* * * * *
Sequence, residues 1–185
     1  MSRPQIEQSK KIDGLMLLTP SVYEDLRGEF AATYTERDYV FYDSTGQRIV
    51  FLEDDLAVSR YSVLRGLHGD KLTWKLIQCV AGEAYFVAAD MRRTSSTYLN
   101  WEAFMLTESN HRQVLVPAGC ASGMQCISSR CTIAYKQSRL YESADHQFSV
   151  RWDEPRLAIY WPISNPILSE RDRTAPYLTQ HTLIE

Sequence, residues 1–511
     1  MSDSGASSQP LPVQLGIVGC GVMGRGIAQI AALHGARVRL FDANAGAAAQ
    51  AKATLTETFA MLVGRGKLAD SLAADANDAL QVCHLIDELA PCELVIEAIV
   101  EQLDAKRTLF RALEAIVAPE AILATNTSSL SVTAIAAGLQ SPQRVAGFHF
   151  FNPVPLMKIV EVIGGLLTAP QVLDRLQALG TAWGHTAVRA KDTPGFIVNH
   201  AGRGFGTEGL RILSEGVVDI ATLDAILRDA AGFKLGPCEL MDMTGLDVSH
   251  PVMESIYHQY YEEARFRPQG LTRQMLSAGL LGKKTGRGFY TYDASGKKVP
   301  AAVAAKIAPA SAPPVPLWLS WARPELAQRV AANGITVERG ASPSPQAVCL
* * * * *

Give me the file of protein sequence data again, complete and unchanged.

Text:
Sequence, residues 1–185
     1  MSRPQIEQSK KIDGLMLLTP SVYEDLRGEF AATYTERDYV FYDSTGQRIV
    51  FLEDDLAVSR YSVLRGLHGD KLTWKLIQCV AGEAYFVAAD MRRTSSTYLN
   101  WEAFMLTESN HRQVLVPAGC ASGMQCISSR CTIAYKQSRL YESADHQFSV
   151  RWDEPRLAIY WPISNPILSE RDRTAPYLTQ HTLIE

Sequence, residues 1–511
     1  MSDSGASSQP LPVQLGIVGC GVMGRGIAQI AALHGARVRL FDANAGAAAQ
    51  AKATLTETFA MLVGRGKLAD SLAADANDAL QVCHLIDELA PCELVIEAIV
   101  EQLDAKRTLF RALEAIVAPE AILATNTSSL SVTAIAAGLQ SPQRVAGFHF
   151  FNPVPLMKIV EVIGGLLTAP QVLDRLQALG TAWGHTAVRA KDTPGFIVNH
   201  AGRGFGTEGL RILSEGVVDI ATLDAILRDA AGFKLGPCEL MDMTGLDVSH
   251  PVMESIYHQY YEEARFRPQG LTRQMLSAGL LGKKTGRGFY TYDASGKKVP
   301  AAVAAKIAPA SAPPVPLWLS WARPELAQRV AANGITVERG ASPSPQAVCL